job to unravel the tangled web of murder, deceit and an accidental kidnapping
that threatens to engulf this sleepy little town and destroy those closest to
him. But there’s always good food, good friends and the love of a great woman
to make everything better in the end.

 


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“Life
doesn’t get much better than this,” said Winston Windflower. The Mountie looked
over at his collie, Lady, who wagged her tail at the sound of his voice. If
dogs could smile, she smiled back. His world was almost perfect. He had the
love of a great woman and a good job as a Sergeant in the Royal Canadian
Mounted Police patrolling one of the lowest crime regions in the country. Plus,
the weather had been mild so far, at least for
Newfoundland in early December, and that meant
no snowstorms with forced overnighters at the detachment. Life was very good
indeed.
He had good
friends, including Lady, who was amongst the best of them. And he had a child
on the way. His wife, Sheila Hillier, was pregnant and at the clinic for her
three-month checkup. He was waiting to hear how both Sheila and the baby were
doing. His Auntie Marie had told him the baby was a girl, and if anyone knew
about these things, it was his Auntie. She was a dream weaver, an interpreter
of not just dreams but of messages from the spirit world. Windflower had
recently spent a week with her and his Uncle Frank, another dream weaver, to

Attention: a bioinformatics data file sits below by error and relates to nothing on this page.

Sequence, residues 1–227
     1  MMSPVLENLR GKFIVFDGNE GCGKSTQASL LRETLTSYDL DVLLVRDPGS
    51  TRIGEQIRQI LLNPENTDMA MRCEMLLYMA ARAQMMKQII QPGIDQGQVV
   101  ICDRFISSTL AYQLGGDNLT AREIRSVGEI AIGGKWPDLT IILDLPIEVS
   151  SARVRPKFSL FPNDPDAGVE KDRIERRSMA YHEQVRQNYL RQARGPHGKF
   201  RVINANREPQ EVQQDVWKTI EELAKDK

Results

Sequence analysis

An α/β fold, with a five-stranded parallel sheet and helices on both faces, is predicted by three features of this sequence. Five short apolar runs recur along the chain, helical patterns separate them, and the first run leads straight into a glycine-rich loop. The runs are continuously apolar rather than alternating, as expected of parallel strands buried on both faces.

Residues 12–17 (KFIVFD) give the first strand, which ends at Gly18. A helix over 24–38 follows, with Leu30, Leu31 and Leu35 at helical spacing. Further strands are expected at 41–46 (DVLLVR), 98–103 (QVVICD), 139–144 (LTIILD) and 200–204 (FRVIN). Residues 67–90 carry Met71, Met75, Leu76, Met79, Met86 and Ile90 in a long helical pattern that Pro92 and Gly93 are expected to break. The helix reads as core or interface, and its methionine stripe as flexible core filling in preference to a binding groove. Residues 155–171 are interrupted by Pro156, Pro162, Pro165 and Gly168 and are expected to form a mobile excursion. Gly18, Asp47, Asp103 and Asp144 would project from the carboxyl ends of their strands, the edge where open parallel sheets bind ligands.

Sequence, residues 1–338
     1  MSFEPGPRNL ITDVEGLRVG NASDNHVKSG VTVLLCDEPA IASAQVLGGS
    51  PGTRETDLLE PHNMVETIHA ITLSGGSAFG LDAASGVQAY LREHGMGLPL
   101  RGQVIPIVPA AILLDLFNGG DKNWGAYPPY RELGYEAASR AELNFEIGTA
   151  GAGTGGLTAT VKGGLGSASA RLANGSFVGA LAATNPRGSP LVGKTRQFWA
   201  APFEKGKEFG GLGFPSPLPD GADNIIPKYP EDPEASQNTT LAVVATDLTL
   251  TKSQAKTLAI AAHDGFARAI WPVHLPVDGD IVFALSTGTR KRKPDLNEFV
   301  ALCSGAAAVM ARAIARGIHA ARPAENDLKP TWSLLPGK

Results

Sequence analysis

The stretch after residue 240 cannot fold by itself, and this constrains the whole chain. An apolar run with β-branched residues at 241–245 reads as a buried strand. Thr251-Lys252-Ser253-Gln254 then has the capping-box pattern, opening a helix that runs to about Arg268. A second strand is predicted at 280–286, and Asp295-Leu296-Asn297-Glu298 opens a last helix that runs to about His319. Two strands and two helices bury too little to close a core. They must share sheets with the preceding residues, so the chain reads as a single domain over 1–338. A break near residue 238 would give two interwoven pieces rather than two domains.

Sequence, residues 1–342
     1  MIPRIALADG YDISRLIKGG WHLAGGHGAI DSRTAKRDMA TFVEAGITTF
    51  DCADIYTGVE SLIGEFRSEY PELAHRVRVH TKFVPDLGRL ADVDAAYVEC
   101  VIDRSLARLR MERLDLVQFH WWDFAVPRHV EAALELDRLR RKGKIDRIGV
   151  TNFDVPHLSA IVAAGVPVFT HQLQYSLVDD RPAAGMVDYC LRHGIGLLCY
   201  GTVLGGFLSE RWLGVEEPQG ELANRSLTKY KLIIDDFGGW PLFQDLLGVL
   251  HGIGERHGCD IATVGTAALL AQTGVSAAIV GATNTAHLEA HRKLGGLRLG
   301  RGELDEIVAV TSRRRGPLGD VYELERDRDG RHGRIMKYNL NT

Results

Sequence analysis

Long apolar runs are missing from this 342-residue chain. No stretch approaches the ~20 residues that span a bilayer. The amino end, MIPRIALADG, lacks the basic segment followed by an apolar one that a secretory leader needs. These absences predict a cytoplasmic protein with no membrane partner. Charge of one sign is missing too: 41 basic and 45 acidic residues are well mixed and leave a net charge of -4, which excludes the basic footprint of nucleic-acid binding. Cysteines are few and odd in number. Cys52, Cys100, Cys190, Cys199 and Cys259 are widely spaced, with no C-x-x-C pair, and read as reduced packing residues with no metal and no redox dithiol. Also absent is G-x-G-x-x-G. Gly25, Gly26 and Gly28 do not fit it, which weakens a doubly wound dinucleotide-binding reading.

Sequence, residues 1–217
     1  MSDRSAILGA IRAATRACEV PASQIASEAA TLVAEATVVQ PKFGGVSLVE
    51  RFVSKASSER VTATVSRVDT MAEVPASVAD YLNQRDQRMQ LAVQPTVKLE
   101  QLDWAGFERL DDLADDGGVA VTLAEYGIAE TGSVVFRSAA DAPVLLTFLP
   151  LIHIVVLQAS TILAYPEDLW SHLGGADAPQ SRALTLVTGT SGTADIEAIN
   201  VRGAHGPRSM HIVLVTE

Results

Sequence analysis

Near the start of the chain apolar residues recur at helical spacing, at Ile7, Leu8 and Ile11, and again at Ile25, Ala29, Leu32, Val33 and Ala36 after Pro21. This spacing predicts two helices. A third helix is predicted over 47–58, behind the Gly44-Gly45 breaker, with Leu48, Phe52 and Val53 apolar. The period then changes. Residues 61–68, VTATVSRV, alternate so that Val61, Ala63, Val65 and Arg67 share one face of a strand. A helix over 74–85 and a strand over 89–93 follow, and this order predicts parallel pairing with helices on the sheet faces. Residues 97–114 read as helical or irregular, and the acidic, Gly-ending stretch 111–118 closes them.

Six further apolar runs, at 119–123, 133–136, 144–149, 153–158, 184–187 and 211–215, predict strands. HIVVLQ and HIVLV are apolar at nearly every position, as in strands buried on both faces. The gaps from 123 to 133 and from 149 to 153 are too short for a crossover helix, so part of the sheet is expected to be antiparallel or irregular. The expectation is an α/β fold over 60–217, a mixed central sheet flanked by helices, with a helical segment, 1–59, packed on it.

learn more about the dream world.
Interpreting
dreams was part of his family’s tradition. But it was an imperfect tool that
gave information, not always answers. Perhaps the most important thing he
learned was that dreams do not predict the future. Instead, as his Auntie told
him, “Dreams tell us about our past, what has already happened. They also point
to actions we should take if we want to get the right result in the future and
to the signs all around us that we need to follow.”
Windflower
was contemplating that piece of wisdom when he noticed a very distraught woman
get out of her car outside the RCMP detachment in Grand Bank. She ran towards
the front door. He walked out to meet her, but the administrative assistant,
Betsy Molloy, beat him to it.
“There,
there now, Molly. What’s goin’ on?” asked Betsy as she put her arms around the
other woman and guided her to a seat in the reception area.
“It’s
Sarah, she’s gone,” said the other woman between sobs. “I told her to stay
close by the house where I could see her. I went out back to put the wash on
the line. When I came in, she was gone.”
“Okay, Mrs.
Quinlan,” said Windflower as he knelt down beside the two women. “How old is
Sarah?” He didn’t really need to know how old the girl was. He wanted to help
the mother calm down so she could give them as much information as possible.
“She’s going
to be six next month,” said Molly Quinlan. “She’s growing up so fast. But she’s
still such a little girl. And now I’ve lost her. Brent is going to kill me.”
She started sobbing again.
“What was
she wearing so that we can help find her?” asked Windflower, trying to get
information but also trying to help Molly Quinlan feel useful.
The woman
stopped crying and said her daughter was wearing jeans and a favourite t-shirt.
“It was pink and had sparkles. She said it made her feel like she was a
princess. And she had her light blue jacket on with a hood.”
Windflower
smiled. “I’m sure she’ll show up soon. But let’s go over to where you last saw
her, and we’ll start looking. She can’t have gone far. Leave your car here, and
come with me. I’ll drive you over.” The woman smiled weakly at Windflower
through her tears and allowed him to take her arm and guide her to his Jeep
outside the door.
He returned
inside to give directions to Betsy. “Get Constable Smithson in here. I’ll call
Frost and get him to come in from his rounds.”
Betsy